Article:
January 7th, 2013
09:30 AM ET

High court to tackle Native American adoption dispute

By Bill Mears, CNN Supreme Court Producer

Washington (CNN) - A custody battle involving the "best interests" of a 3-year-old Cherokee girl will be taken up by the U.S. Supreme Court, an issue spanning the rights of adoptive parents and the desire to preserve Native American families within tribes.

The justices announced they will hear an appeal from Matt and Melanie Capobianco, who legally adopted little Veronica in 2009, shortly after the birth mother agreed to give up the child. Oral arguments in the case will likely be heard in April with a ruling by late June.

The South Carolina Supreme Court in July ruled for the biological father, who had sought custody shortly after the child's birth. He is a registered member of the Cherokee Nation and is raising the child in Oklahoma.

Dusten Brown had earlier signed a legal document agreeing to put the girl up for adoption, but his attorneys say the father did not understand the extent of the waiver, and that the birth mother misrepresented the child's American Indian heritage to social service workers when the adoption was finalized.

At issue is whether Brown, as the onetime non-custodial father, can gain parental custody, after the non-Indian mother initiated an adoption outside the tribe.

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Immigrants lead plunge in U.S. birth rate
The recession has played a role in a drop in the U.S. birth rate, population experts say.
November 29th, 2012
02:24 PM ET

Immigrants lead plunge in U.S. birth rate

By Moni Basu, CNN

(CNN) - It makes sense that since the start of the recession, the birth rate in America has been declining.

In 2011, it dipped to the lowest rate ever recorded: 63.2 per 1,000 women between 15 and 44, the prime childbearing ages, according to the Centers for Disease Control and Prevention.

That plunge was led by immigrant women, according to a Pew Research Center analysis released Thursday.

The birth rate for U.S.-born women declined 6% between 2007 (when the recession began) and 2010. However, the rate for foreign-born women plunged 14%, more than in the 17 years before the downturn.

Both foreign- and U.S.-born Hispanic women had larger drops in birth rate than any other group, Pew found. That correlates with larger percentage declines in household wealth for Hispanics than in white, black or Asian households. FULL POST

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Opinion: A gay son and his dad give thanks
Paul Begala says one family's struggle to help their son accept his sexuality is a story of love, support that resonates at Thanksgiving.
November 23rd, 2012
08:10 AM ET

Opinion: A gay son and his dad give thanks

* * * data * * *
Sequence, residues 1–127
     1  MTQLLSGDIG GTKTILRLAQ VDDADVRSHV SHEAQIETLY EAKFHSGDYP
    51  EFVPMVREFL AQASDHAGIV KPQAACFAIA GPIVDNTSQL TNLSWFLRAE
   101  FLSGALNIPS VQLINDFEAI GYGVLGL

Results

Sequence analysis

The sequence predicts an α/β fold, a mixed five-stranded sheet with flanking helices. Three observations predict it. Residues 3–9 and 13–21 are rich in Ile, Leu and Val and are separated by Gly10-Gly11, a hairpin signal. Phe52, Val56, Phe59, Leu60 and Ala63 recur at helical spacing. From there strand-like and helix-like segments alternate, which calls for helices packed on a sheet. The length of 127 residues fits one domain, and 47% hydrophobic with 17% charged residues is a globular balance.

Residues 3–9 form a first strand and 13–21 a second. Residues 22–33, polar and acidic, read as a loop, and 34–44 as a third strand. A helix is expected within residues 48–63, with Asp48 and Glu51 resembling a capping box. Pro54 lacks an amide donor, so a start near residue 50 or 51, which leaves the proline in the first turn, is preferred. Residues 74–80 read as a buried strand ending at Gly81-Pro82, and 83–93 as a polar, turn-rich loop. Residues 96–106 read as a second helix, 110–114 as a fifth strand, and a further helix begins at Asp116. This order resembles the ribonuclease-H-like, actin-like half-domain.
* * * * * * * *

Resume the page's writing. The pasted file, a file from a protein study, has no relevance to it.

Editor's note: Paul Begala, a Democratic strategist and CNN political contributor, was a political consultant for Bill Clinton's presidential campaign in 1992 and was counselor to Clinton in the White House.

By Paul Begala, CNN Contributor

(CNN) - Every parent loves his or her child; it's the prime directive of the species. Twenty years ago, when my wife was pregnant with our first baby, Hillary Clinton told me that having a child is like taking your heart out of your body and letting it walk around.

For some parents, however, their beloved child takes their heart on a long, wild ride that careers from joyous and generous to dark and dangerous. So it was with John Schwartz and Jeanne Mixon. Joseph, their third child, was a precocious reader, a super-sensitive old soul, fiercely defiant when he believed the teacher was too autocratic, hyper-quick on the trigger. Or, as his father put it, a squirrelly kid.

He's also gay. Fabulously gay. From early childhood he preferred feather boas to football; pink shoes to playing soccer. No problem; his parents are enlightened, intelligent, educated, urbane and progressive. Their community in suburban New Jersey was welcoming and inclusive. Their rabbi is gay.

And yet shortly after he came out of the closet at age 13, Joe attempted suicide.

Read Paul Begala's full column
Celebrating Thanksgiving with 'Generation Alzheimer's'
A family member with dementia will have a better Thanksgiving experience in a small-group setting, says expert Laura Wayman.
November 22nd, 2012
12:00 PM ET

Celebrating Thanksgiving with 'Generation Alzheimer's'

By Elizabeth Landau, CNN

(CNN) - Judy Warzenski didn't realize how bad her father, Donald's, memory had gotten until he turned to her sister Joyce and asked, "Where's the girl who was sitting next to you?" He did not recognize Joyce as his own daughter.

This Thanksgiving, Warzenski and her younger siblings will eat Thanksgiving dinner with their father in a private dining room at a nursing home in Pennsylvania. Moving her father there in October was an agonizing decision.